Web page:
I’ve always been of the belief that the different experiences we have throughout both our work and personal lives – whether they be positive or negative – can have a profound effect on how we progress. It all depends on the way in which we react to them, work through them, and learn from them.
Here’s a story about a largely negative employment experience of mine from a number of years back that knocked me down hard at the time, until I eventually started to understand what a pivotal moment this was, and how eventually it had a profound and positive impact on my life.
Here’s my story.
After an extensive recruitment process, I was brought into this business to create a marketing function from scratch. Basically, they wanted someone to create, implement and manage a full marketing plan.
Fantastic I thought. What an incredible opportunity. After all, building a marketing department from the ground up was my forte and now I was finally being provided with the resources to really do it properly. Super excited, I was salivating at the thought of getting my teeth stuck right into it.
On day one, I arrived to a very warm welcome with several of the managers telling me how eagerly they have been waiting for me to come on board.
As I too was eager to get going, I quickly set up introductory meetings with all of the key players. While initially overwhelmed by their warmth and kindness, I soon started to see that their ideas of what marketing is about were very different to mine.
A couple of things soon became apparent.
Firstly, although they held various titles of senior business managers and heads of departments, they all came from a clinical background and had an almost entirely reactive approach to the needs of the clients.
While I know how important it is to have a client centric approach, what I was hearing was more along the lines of “What do you want?” followed by “Yes, we’ll do it.”, rather than how can we seriously add real value to both the client experience and our overall service offering.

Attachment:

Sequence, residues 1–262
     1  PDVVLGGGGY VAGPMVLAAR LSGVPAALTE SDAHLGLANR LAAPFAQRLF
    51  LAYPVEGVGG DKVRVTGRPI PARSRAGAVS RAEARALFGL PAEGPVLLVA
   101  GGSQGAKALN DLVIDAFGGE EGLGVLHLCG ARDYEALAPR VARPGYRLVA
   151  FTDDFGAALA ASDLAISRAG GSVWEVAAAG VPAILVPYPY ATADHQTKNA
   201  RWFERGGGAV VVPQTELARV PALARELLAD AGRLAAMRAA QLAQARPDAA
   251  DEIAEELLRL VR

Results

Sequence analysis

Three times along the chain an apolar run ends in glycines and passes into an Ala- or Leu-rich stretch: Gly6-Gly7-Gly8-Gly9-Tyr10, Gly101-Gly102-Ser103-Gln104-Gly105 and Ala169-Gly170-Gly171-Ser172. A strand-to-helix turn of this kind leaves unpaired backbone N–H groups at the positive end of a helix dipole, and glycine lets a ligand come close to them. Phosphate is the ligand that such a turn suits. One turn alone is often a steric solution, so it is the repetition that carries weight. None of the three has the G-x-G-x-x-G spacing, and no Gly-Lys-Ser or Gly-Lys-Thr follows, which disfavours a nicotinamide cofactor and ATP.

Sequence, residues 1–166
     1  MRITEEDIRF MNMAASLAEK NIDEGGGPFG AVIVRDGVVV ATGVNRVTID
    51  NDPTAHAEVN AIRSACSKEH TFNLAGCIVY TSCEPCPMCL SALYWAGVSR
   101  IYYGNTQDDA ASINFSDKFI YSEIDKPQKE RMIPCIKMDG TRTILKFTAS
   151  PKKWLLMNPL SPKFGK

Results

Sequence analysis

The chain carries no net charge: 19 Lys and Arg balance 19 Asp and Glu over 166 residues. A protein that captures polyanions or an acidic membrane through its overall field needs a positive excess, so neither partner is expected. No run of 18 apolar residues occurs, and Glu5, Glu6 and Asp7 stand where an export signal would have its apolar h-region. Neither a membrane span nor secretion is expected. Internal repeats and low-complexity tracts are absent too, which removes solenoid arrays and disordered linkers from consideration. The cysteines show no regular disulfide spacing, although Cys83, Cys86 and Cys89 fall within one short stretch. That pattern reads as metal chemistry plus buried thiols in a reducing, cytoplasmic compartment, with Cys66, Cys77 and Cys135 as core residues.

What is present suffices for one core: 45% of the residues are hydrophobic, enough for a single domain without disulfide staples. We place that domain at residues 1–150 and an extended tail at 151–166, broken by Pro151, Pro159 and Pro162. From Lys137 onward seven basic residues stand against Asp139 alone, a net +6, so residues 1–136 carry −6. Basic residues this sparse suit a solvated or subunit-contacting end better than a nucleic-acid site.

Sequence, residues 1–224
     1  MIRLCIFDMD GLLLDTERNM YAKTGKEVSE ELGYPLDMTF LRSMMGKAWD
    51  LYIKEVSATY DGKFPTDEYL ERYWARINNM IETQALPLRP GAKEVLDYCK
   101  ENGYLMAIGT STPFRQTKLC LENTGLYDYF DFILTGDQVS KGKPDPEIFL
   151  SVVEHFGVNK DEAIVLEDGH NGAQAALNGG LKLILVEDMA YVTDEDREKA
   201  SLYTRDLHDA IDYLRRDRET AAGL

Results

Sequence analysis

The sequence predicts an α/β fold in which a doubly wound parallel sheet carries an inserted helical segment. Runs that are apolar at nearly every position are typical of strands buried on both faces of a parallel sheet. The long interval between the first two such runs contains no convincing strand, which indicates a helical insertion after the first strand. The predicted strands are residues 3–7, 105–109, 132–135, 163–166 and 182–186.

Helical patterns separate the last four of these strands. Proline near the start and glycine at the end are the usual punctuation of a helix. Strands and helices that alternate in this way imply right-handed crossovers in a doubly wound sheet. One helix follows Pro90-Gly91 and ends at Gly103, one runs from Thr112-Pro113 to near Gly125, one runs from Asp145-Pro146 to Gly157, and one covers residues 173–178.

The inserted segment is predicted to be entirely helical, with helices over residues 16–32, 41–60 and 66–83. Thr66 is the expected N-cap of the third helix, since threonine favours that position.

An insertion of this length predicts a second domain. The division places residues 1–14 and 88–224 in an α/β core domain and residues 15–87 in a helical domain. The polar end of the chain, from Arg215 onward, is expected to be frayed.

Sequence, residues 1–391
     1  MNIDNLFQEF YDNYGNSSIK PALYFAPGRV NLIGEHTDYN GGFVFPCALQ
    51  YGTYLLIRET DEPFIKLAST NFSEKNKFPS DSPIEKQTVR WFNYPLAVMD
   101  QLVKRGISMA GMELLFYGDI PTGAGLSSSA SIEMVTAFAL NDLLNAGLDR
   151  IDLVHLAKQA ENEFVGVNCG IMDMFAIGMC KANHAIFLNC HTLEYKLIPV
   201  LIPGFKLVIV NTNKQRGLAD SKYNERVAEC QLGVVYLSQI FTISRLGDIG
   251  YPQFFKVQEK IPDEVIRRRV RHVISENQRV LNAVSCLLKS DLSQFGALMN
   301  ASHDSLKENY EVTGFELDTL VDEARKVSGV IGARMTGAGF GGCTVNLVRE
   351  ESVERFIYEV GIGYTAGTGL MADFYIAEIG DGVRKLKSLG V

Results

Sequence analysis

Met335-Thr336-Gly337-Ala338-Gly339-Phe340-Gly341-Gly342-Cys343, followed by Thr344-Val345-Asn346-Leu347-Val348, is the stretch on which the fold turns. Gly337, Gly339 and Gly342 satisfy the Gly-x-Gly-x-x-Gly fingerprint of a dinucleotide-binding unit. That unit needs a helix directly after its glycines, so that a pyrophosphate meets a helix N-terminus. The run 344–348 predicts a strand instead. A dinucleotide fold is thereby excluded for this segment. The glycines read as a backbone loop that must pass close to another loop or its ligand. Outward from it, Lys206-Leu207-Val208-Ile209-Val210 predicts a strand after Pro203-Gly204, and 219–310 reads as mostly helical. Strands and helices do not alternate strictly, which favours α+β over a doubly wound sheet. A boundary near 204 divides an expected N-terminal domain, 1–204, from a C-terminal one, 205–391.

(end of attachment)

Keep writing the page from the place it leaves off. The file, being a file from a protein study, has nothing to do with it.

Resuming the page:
And secondly, while they were excited to have a marketing manager come on board, what they were really excited about was having a personalised collateral producer on hand to tailor brochures to their clients’ requests.
Hmmm… Ok, I was starting to see that I had my work cut out for me here.
Far from getting down about it, I saw this as a fantastic opportunity. Working with managers that didn’t understand marketing was nothing new to me, and I always relished the challenge of convincing them otherwise. I knew that there was so much to be achieved if I did this right.
Over the first couple of months, I immersed myself in the business with a passion and drive like I’d never had before. I was loving it. I spoke to as many people as possible, and did everything I could to learn the business, the dynamics, the politics, etc, etc.
Even though the whole time I was getting inundated with requests for a new brochure or poster, I took it all in my stride and slowly started placing together the framework for a marketing plan.
Once I had this together, the next step was to meet with and discuss my plan with each of the department heads, which was about 6 people. I sent out meeting requests. No response. I sent follow up emails. No response. I made phone calls. No answer.
Then a few concerns crept in.
As weeks went by with complete silence, I was getting a little concerned.
This was a very autonomous role, and I didn’t have a direct manager easily accessible to take my concerns to. Once I finally managed to pin down the CEO, I discovered that he was great personal friends with each of the department heads and quickly made excuses for their behaviour. He also emphasised how important it was that I engage each of these people in the process.
Ok, a little easier said than done.
Eventually, through nothing more than keeping an eye on their offices and quickly darting in on the rare occasion that I spied their presence, I managed to catch up with at least most of them.